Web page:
7 Surprising Facts About Your Body
There’s probably a lot you don’t know about your body’s form and function. Delight the guests at your next dinner party with these astonishing tidbits.
- Escaping gases cause your joints to crack. Your hips, shoulders and knees can sound off in a variety of ways. Sometimes tendons snap or rough surfaces of arthritic joints creak. The common knuckle-cracking sound stems from popping bubbles of oxygen, nitrogen and carbon dioxide in your joint’s fluids.
- Bacteria outnumber human cells 10 to one. Microbes live in your nose, mouth, skin, digestive system and reproductive organs. Some cause disease. But many others actually benefit your health. Scientists are working to understand the best balance and how to maintain it.
- Your blood vessels measure about 60,000 miles. Lay your arteries and veins end-to-end, and they’d cover a lot of ground. During your lifetime, your heart pumps about 1 million barrels of blood through them, at a rate of 1,800 gallons per day.
- Sweat doesn’t smell. Wonder why your gym bag suggests otherwise? Bacteria feed on fatty acids and other compounds in your perspiration. In the process, they convert the clear fluid into smelly gases.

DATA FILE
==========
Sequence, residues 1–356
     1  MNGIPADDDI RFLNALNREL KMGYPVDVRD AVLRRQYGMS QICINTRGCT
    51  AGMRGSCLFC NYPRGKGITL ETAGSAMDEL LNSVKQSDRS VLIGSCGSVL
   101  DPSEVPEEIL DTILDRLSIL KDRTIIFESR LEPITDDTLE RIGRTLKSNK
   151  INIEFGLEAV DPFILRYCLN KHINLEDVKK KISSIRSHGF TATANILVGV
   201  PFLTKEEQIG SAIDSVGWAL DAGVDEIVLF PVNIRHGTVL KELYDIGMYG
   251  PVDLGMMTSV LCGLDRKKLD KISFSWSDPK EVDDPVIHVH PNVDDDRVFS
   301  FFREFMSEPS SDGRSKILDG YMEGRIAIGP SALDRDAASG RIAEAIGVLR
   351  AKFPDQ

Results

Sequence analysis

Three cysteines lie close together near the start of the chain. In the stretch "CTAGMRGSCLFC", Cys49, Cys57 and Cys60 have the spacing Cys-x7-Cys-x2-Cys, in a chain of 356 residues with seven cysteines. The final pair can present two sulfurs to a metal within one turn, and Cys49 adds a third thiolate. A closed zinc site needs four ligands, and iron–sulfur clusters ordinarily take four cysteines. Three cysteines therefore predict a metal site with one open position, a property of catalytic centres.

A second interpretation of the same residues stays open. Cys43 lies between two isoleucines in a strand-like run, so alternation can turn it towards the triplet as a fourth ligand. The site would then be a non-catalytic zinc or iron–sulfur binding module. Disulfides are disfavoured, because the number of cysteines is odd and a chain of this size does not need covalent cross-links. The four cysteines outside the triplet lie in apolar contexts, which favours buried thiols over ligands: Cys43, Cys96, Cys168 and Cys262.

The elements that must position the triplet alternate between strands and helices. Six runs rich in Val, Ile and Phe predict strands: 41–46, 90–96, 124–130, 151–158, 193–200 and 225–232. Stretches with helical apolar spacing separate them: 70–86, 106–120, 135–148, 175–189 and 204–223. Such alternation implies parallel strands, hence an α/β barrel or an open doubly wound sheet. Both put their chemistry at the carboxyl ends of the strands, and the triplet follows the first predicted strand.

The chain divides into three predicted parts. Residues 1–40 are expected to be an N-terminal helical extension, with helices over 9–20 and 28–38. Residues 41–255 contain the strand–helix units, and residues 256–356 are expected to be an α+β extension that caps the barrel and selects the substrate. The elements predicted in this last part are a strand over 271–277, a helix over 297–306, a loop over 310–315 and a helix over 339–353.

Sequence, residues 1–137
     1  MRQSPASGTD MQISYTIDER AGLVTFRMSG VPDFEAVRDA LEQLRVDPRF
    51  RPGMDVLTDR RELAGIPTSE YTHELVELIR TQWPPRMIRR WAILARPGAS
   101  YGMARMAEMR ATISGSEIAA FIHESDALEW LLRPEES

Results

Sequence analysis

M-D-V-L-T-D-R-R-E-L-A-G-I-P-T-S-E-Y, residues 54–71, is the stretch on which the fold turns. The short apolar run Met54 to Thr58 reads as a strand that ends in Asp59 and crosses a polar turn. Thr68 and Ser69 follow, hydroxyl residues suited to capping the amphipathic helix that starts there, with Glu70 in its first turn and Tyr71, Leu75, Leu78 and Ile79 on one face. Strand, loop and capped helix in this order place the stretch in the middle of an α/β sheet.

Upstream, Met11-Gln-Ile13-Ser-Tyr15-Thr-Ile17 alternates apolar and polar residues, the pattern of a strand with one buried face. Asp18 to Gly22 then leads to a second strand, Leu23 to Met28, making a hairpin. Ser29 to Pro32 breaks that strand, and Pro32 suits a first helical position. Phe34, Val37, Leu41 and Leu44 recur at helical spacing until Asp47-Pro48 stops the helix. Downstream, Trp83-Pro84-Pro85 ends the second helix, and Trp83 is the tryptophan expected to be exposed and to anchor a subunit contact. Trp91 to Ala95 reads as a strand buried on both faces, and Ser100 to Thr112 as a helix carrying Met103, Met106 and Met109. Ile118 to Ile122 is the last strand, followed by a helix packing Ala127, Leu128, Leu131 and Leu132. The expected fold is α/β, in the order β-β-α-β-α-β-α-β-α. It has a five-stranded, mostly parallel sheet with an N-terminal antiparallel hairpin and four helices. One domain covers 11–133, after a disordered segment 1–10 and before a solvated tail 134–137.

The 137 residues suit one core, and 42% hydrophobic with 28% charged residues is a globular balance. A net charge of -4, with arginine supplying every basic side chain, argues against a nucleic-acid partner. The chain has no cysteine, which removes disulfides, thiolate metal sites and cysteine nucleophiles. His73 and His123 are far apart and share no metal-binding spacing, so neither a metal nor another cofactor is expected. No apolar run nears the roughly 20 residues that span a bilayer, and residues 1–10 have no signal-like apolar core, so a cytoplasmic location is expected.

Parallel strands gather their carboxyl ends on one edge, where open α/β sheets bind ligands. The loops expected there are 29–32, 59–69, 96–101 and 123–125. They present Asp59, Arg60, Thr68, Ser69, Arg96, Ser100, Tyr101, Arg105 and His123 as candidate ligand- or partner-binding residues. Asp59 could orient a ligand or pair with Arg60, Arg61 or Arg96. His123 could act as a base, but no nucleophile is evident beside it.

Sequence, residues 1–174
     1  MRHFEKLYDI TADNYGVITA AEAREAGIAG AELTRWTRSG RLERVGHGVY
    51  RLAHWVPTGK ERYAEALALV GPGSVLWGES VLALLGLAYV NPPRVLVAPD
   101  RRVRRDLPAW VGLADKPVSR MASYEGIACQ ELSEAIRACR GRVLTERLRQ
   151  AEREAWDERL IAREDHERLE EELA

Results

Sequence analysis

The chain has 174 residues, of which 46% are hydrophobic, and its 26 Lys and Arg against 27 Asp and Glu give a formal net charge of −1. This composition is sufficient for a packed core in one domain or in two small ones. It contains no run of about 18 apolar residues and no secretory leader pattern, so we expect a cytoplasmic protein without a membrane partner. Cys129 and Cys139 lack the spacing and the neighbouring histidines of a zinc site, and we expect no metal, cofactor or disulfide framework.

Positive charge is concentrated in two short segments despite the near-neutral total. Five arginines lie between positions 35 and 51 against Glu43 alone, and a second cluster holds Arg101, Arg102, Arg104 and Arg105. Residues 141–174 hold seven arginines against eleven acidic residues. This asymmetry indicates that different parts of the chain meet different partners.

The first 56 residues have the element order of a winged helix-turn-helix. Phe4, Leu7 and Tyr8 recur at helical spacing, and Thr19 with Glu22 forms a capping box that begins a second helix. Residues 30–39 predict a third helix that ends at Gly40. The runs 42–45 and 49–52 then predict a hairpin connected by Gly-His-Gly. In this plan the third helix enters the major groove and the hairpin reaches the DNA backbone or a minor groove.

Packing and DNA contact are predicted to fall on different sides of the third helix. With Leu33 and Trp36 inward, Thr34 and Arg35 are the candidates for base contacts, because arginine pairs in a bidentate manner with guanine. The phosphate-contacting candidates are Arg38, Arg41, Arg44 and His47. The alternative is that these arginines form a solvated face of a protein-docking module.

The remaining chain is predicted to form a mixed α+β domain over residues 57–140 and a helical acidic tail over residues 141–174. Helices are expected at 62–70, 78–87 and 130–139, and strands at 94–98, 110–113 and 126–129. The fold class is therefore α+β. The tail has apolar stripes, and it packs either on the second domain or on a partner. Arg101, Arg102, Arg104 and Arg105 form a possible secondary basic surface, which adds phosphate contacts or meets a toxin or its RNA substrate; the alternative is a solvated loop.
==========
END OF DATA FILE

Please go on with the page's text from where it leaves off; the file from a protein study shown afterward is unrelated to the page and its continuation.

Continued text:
- Women blink twice as often as men. Doctors don’t know why, exactly. But in one recent study, female subjects shut their eyes an average of 22 times per minute. That compares with about nine times for men.
- Your feet are more complex than you think. Each one con- tains 26 bones, 33 joints and more than 100 muscles, tendons and ligaments. Age, ill-fitting shoes and extra weight can put stress on them all, causing such problems as bunions, hammertoe and corns.
- A chemical called adenosine makes you sleepy. During the night, your body breaks this compound down. The longer you’re awake, the more it builds up in your bloodstream. High levels serve as a way to trigger rest when you need it.